Another Lance Armstrong Teammate Accuses Him of Doping

Tyler Hamilton, a teammate of Lance Armstrong's on the powerhouse U.S. Postal Service cycling team, accused Armstrong of using performance-enhancing drugs. In a 60 Minutes interview that aired on Sunday night, Hamilton described the system the team used to share and administer human growth hormone, testosterone, and blood-booster EPO.

Hamilton is just the latest teammate to accuse Armstrong, who has won the Tour de France seven times and denies ever using performance-enhancing drugs. Last year Floyd Landis admitted to doping and said Armstrong had done the same. And five years ago, fellow Postal Service rider Frankie Andreu said Armstrong had used EPO during the 1999 Tour de France, when he won for the first time.

Besides the detailed description of the Postal Service team's doping habits, the most remarkable part of Hamilton's 60 Minutes interview was the reverence he clearly has for Armstrong, and the thrill the received from getting help from Armstrong. He describes a time his famous teammate gave him EPO:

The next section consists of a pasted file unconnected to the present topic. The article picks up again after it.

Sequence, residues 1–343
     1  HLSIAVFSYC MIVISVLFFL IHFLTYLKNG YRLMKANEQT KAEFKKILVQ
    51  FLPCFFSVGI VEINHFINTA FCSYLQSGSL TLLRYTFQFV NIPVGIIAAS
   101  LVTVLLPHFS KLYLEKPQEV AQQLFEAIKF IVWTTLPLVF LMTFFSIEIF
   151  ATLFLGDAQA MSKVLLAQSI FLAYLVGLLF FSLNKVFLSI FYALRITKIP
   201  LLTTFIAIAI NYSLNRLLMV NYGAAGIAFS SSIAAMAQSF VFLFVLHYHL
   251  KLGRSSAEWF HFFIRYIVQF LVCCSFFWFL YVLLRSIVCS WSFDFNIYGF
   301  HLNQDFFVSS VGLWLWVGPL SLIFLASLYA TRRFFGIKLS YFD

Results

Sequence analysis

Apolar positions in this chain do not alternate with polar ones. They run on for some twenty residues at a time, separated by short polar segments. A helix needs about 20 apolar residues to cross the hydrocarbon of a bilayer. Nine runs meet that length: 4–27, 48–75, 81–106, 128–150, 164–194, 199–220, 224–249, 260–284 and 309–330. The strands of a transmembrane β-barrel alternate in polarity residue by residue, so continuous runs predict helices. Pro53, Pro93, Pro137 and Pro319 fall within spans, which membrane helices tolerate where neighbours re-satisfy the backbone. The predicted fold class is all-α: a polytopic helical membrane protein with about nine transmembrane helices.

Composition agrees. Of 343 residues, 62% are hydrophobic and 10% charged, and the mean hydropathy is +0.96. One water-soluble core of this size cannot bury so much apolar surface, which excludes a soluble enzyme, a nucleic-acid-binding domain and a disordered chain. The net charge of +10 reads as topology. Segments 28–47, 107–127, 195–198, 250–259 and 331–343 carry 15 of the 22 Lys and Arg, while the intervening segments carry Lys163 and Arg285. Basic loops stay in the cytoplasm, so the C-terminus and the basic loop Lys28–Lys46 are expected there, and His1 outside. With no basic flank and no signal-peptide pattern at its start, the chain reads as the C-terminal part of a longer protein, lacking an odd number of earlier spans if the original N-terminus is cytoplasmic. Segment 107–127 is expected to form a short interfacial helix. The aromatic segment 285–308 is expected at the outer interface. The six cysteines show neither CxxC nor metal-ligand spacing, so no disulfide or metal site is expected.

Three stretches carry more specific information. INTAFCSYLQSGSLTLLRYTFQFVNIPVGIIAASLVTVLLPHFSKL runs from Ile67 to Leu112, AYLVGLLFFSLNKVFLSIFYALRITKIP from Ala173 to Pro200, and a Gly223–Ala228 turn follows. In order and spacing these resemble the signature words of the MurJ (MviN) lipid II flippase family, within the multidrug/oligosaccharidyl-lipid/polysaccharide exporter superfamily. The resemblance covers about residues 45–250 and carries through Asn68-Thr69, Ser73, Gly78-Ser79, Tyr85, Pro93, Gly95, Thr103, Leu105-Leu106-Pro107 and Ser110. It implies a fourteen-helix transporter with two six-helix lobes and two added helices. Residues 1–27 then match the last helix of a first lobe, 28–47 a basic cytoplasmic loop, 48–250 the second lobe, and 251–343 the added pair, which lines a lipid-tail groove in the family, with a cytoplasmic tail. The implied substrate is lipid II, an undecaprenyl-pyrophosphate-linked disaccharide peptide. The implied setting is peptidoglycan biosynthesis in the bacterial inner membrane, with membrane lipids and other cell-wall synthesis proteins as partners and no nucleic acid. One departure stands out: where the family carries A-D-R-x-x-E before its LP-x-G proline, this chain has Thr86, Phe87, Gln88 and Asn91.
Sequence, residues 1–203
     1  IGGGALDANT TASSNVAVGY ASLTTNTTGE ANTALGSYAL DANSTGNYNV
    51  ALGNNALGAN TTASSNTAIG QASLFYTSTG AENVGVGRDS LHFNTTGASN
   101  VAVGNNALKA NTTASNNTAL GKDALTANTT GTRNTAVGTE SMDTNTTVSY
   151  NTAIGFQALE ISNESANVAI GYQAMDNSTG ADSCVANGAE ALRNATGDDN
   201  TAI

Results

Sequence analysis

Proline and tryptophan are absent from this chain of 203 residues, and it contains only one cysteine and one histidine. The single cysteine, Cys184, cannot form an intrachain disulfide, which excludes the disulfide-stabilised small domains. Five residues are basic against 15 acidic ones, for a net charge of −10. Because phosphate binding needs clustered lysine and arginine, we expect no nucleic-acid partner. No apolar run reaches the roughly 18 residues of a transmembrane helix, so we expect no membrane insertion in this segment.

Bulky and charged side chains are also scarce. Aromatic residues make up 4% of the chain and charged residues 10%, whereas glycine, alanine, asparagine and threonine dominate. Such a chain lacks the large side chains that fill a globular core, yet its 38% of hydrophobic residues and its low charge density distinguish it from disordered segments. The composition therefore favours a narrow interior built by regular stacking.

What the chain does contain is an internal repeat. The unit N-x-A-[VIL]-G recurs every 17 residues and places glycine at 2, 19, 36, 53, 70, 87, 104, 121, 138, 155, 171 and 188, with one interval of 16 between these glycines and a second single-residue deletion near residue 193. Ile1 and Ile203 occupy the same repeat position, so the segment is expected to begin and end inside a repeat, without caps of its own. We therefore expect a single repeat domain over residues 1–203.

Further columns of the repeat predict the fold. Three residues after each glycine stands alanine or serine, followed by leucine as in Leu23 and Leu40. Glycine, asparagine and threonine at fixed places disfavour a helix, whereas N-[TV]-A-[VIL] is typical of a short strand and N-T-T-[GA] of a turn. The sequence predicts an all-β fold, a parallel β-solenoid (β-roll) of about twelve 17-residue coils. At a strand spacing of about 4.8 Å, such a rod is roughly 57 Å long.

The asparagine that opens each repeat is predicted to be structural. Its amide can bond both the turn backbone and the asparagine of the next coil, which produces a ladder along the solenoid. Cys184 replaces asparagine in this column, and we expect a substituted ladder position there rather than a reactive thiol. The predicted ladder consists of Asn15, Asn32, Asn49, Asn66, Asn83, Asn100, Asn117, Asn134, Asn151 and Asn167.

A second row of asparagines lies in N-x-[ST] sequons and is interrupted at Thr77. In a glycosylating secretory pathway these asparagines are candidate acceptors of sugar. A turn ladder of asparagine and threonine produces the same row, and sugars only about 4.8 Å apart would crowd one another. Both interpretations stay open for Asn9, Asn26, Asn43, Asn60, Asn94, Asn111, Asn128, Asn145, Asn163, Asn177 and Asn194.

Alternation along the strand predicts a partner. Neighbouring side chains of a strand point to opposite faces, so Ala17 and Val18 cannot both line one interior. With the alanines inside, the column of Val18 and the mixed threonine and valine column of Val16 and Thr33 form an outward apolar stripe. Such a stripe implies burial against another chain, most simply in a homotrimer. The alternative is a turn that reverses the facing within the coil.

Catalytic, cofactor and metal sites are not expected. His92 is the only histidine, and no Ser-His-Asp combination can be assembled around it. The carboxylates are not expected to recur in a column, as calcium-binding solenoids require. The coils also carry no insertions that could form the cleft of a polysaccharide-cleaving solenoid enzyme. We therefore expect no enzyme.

"You know, I reached out to Lance Armstrong, you know," Hamilton said on "60 Minutes," describing what he did on one occasion when he needed EPO. "And he helped me out, he helped me out."

In the next day or two, he said, a package arrived with EPO, with Armstrong acknowledging that he had sent it.

"It was an illegal doping product, but he helped out a friend," said Hamilton, who helped Armstrong win the Tour de France in 1999, 2000 and 2001. "So I want to make it clear that, you know, if the roles were reversed and I had the connection, I would have done the same, same, thing for Lance."

Read the full story at the New York Times.

Presented by

Eleanor Barkhorn is a former senior editor at The Atlantic.

Join the Discussion

After you comment, click Post. If you’re not already logged in you will be asked to log in or register with Disqus.

Please note that The Atlantic's account system is separate from our commenting system. To log in or register with The Atlantic, use the Sign In button at the top of every page.

blog comments powered by Disqus

Video

A Stop-Motion Tour of New York City

A filmmaker animated hundreds of still photographs to create this Big Apple flip book

Video

The Absurd Psychology of Restaurant Menus

Would people eat healthier if celery was called "cool celery?"

Video

This Japanese Inn Has Been Open For 1,300 Years

It's one of the oldest family businesses in the world.

Video

What Happens Inside a Dying Mind?

Science cannot fully explain near-death experiences.

More in Entertainment

Just In